• Fatality rate is now pretty constant
  • As travel goes up, fatalities will start to rise
    again

5
The Fatalities Plateau
6
Fatality Rate vs. Injury Rate
Why the difference in trends? Any thoughts?
7
Over Half of Accidental Deaths Involve
Transportation
8
Transportation is the Dominant Cause of
Accidental Deaths
9
Transportation Deaths Compared to Other Causes of
Death from Injuries
10
Outcomes The Cost of the Transportation Safety
Issue
  • Improving transportation safety has major
    economic implications
  • Motor vehicle crashes are the leading cause of
    death in the US for persons aged 5 through 27
  • Huge loss in future economic production
  • The direct cost of crashes to the economy is
    about 150 - 200 billion/year
  • (Estimate is a bit old, should be higher now)
  • Lost productivity, health care, property losses,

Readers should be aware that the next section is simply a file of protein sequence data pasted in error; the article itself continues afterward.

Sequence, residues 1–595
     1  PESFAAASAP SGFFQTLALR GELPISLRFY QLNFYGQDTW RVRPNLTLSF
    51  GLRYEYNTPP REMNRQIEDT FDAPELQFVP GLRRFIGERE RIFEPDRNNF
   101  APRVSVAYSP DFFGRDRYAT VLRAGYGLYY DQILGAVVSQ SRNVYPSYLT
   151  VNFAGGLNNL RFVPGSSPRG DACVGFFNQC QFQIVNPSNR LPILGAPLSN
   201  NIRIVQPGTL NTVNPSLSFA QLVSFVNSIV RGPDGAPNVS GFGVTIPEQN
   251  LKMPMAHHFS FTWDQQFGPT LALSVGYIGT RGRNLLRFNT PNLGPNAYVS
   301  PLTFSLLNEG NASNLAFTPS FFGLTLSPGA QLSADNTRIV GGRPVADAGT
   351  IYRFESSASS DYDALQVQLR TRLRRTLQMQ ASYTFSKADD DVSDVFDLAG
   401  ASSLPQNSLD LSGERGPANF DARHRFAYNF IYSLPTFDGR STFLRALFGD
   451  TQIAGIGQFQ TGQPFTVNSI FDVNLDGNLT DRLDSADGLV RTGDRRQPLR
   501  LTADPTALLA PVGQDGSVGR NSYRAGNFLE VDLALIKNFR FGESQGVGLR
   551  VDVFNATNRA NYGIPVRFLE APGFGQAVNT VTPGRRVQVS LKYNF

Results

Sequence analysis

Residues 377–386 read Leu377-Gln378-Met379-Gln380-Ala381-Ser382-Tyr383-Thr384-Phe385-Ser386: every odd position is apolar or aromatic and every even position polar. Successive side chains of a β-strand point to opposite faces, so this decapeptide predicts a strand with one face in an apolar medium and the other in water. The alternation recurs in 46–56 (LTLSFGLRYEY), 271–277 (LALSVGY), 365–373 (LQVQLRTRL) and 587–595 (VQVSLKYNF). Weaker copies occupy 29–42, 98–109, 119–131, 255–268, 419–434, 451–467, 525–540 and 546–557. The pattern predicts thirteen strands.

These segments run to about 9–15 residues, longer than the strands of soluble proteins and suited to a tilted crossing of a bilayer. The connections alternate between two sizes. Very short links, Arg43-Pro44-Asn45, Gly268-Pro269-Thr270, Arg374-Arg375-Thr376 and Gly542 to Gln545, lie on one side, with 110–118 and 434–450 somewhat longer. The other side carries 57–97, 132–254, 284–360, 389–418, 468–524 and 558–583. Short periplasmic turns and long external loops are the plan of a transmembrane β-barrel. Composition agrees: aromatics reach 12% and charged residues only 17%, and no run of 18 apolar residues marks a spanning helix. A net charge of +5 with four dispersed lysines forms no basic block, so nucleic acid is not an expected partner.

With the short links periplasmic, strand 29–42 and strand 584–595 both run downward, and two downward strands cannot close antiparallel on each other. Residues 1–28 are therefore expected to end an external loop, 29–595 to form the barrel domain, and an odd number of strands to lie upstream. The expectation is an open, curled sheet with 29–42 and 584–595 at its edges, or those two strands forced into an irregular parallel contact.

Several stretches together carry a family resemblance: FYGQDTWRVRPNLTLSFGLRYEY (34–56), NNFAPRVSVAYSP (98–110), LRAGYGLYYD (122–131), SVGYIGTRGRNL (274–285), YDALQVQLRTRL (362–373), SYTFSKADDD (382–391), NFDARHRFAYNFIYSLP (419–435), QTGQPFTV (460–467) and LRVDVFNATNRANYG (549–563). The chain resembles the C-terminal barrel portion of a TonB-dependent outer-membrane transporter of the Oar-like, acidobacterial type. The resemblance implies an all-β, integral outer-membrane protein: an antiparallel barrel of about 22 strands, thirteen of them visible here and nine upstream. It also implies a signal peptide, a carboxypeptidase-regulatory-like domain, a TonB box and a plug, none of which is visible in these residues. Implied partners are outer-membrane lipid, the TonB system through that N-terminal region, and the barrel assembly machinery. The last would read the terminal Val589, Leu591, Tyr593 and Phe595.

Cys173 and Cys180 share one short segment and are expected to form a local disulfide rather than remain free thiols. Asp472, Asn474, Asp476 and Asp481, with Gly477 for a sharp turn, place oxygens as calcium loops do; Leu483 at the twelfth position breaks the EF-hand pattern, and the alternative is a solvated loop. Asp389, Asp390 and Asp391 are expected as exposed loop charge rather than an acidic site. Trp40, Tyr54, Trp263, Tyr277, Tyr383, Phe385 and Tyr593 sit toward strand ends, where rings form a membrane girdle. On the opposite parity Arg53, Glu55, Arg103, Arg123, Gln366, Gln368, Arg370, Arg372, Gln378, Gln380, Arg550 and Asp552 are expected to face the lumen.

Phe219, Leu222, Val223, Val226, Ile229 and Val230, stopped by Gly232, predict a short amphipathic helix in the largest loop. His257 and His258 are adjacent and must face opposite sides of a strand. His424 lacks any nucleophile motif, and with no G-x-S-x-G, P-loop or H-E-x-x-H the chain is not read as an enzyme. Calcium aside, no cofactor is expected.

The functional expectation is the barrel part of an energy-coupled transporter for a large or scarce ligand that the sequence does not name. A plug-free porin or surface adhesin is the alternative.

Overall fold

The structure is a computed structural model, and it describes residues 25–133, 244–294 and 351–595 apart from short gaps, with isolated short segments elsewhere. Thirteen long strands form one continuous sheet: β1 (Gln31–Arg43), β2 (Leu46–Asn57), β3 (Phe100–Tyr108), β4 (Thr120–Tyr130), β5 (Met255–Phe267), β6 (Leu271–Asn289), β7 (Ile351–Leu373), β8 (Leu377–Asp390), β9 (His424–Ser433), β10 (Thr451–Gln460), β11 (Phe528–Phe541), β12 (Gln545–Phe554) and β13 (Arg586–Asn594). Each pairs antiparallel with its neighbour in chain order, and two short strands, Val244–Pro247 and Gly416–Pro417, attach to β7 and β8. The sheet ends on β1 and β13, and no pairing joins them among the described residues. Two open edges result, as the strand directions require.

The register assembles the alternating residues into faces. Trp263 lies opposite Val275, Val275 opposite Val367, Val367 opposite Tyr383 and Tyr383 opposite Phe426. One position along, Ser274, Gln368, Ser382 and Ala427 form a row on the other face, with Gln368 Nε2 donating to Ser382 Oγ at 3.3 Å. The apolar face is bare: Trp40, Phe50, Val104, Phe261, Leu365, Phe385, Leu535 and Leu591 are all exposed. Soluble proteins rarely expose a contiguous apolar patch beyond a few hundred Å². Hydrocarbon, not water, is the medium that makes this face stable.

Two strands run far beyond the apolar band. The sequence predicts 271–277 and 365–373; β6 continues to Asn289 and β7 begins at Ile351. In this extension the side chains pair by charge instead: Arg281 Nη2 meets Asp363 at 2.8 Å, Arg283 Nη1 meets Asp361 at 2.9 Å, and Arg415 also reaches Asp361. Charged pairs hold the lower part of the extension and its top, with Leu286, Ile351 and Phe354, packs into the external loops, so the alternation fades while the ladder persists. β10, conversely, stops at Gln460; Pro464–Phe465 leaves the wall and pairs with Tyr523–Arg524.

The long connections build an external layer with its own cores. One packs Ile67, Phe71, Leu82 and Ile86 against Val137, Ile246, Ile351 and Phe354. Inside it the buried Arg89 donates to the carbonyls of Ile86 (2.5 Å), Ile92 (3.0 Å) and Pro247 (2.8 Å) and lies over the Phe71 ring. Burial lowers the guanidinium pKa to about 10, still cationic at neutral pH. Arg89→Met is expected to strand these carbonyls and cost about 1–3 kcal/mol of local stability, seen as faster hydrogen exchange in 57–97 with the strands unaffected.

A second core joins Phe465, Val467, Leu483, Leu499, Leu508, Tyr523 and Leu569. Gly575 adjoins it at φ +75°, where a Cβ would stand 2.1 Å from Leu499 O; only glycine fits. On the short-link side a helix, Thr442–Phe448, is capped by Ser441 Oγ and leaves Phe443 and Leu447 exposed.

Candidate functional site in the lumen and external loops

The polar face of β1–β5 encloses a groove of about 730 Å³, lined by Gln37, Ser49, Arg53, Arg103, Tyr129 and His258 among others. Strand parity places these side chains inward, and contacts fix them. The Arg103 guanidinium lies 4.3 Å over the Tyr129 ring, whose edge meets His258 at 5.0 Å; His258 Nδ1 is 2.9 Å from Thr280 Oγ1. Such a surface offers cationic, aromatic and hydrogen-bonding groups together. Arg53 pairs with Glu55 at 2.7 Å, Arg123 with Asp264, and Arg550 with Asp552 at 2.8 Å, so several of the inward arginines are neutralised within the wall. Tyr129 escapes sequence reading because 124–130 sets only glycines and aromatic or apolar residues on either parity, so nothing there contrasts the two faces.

insurance
  • About 1 ½ to 2 of the entire 1 trillion US
    economy represents losses from transportation
    accidents
  • About 40,000 fatalities, 5.2 million other
    injuries, and 27 million damaged vehicles

11
A Brief History of Transportation Safety Policies
  • There was surprisingly little interest in US
    transportation safety issues until the 1960s.
  • Most effort before 1960 went into improving the
    safety of vehicles, e.g. better tires and brakes
  • At that point in time many policies aimed at
    improving safety were initiated
  • Investigations of major airline crashes (NTSB)
  • Motor vehicle safety standards (e.g. seat belts
    and mandatory crash testing) and tire grading
    standards (NHTSA)
  • Major reviews/research into highway geometric
    design
  • Tougher standards for commercial trucks and
    drivers (USDOT)
  • Since the 1960s safety has improved tremendously
    when increased exposure is taken into account

12
What Is Exposure?
  • In order to make reasonable comparisons of
    relative safety among trips and modes,